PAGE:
2012.12.13 00:12 "Re: [Tiff] Dealing with unportability of malloc(0)", by Bob Friesenhahn
I noticed that Bob Friesenhahn recently committed this change to make _TIFFmalloc() behave the same on platforms where malloc(0) returns a zero-sized chunk of memory as it does on platforms where the same call returns NULL:
As far as I am aware, the malloc() on most systems returns NULL for a size of zero. We could create a test to confirm this if necessary. If my belief is true, then my code change simply assured the common case and avoids the possible "implementation dependent" behavior.
[ chop ]
The reason I think the never-null convention is preferable is that the null-for-zero convention tends to require doctoring up call sites. The typical pattern is
ptr = _TIFFmalloc(some_request);
if (ptr == NULL)
// throw error
If there's any possibility that some_request is (validly) zero, this code is now broken, because it will throw errors when it should not.
Can you think of such valid cases?
Now, libtiff is more fortunate than many projects in that most places that might have this problem are calling _TIFFCheckMalloc, which means that there are fewer places to fix than there might be. But I doubt
that that's really the only one. In fact, if that *were* the only one, we'd not need this patch at all, because that call site already tries to dodge the platform dependency.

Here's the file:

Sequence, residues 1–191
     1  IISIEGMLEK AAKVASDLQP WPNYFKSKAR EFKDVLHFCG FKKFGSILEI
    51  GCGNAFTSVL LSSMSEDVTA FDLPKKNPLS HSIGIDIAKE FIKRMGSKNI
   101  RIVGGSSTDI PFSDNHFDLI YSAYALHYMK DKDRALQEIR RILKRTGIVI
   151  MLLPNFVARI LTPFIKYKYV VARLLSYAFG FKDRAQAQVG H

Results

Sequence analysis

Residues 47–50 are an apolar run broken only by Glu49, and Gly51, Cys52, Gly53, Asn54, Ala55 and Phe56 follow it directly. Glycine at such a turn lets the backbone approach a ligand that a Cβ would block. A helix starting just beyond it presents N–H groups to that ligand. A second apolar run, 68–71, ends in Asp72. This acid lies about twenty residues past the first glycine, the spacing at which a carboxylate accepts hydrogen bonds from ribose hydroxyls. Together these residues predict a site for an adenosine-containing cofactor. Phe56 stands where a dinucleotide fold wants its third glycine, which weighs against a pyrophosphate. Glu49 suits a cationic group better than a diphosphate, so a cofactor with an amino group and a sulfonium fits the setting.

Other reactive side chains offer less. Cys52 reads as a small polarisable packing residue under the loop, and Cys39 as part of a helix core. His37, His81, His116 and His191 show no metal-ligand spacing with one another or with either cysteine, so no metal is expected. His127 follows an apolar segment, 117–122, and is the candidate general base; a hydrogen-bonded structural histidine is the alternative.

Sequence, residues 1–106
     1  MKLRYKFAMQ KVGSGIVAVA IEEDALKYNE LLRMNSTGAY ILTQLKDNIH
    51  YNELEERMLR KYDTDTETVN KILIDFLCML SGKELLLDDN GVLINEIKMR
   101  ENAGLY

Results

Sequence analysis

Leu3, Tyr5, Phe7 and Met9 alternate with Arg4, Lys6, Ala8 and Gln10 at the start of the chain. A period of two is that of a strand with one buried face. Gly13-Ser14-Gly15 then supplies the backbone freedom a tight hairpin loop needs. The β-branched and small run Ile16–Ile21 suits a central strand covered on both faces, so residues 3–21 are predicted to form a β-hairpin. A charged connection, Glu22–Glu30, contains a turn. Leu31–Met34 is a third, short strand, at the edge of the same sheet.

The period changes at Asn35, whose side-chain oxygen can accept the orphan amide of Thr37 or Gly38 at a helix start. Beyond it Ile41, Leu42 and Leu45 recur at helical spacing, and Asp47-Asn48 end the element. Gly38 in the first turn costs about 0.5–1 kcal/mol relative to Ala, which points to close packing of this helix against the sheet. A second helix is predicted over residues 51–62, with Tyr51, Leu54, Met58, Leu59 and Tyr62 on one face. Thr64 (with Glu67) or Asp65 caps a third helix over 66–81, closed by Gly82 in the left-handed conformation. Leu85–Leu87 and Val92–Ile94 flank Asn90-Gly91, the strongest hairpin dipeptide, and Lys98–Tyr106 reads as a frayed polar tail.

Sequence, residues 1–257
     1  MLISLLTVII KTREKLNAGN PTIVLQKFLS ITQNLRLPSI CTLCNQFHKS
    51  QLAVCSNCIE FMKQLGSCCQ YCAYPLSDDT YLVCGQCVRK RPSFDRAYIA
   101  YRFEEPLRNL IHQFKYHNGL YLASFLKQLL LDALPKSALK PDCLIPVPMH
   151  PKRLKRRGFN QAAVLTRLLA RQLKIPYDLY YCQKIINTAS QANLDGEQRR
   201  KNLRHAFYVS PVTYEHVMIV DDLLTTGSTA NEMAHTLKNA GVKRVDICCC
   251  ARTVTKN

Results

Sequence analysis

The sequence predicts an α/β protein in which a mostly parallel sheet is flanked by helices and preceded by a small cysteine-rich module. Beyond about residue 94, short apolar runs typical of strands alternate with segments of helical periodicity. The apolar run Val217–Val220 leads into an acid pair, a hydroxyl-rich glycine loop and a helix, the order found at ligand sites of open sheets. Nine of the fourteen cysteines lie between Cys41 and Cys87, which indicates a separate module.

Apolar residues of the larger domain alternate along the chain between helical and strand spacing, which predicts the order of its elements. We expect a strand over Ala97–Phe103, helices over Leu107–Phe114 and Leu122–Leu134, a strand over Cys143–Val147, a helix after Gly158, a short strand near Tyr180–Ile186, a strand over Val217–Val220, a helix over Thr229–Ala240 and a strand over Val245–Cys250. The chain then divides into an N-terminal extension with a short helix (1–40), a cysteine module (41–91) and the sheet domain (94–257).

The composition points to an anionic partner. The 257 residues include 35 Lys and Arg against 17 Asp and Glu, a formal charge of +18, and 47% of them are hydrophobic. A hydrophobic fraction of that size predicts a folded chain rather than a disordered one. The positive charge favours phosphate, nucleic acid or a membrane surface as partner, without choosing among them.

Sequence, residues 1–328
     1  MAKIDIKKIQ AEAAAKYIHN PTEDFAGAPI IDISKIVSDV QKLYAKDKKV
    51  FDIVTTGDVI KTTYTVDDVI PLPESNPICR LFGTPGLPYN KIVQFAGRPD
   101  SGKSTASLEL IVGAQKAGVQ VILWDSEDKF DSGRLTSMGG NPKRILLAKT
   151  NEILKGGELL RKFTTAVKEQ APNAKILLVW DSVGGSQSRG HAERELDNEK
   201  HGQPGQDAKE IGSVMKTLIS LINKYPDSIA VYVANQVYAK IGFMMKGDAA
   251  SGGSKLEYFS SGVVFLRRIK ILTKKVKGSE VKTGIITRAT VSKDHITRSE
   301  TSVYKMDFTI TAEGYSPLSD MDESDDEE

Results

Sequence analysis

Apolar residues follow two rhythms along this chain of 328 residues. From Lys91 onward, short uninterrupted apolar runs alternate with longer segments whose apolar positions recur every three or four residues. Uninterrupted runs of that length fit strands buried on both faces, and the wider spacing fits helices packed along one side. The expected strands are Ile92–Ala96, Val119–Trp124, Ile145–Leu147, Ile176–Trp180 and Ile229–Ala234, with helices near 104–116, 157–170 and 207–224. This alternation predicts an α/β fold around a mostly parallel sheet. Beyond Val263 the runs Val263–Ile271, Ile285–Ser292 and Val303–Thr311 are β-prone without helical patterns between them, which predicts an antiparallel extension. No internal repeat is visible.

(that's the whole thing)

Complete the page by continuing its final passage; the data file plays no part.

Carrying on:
... unfortunately, it does so incorrectly. _TIFFCheckMalloc is coded to call _TIFFCheckRealloc, and the latter is miswritten so that it is guaranteed to throw error for a zero request, no matter which behavior the underlying malloc and realloc calls have.
And, just to add insult to injury, first it will leak the old block if there is one, since neither realloc() nor free() will get called.
None of this is terribly hard to fix, but first we need a policy decision about which platform-specific behavior we want to standardize on. I gave my argument above, does anyone want to advocate for the other way? Are there pieces of libtiff where the null-for-zero convention is preferable?
One reason why I like an argument of zero to produce NULL is that often there is a chunk of complex code which computes the size to allocate. In order to assure security, this complex code also needs to detect overflow conditions. Regardless, the decision then needs to be made how to report the overflow condition. A simple approach I have used in the past is to arrange to pass zero to the memory allocation function since there was always already error handling for memory allocation failure. This allows one error reporting path to handle both types of errors.
Another reason why I like an argument of zero to produce NULL is that zero is a very common value which often reflects an uninitialized condition. It is useful for such conditions to result in a normally-handled error response.
GraphicsMagick Maintainer, http://www.GraphicsMagick.org/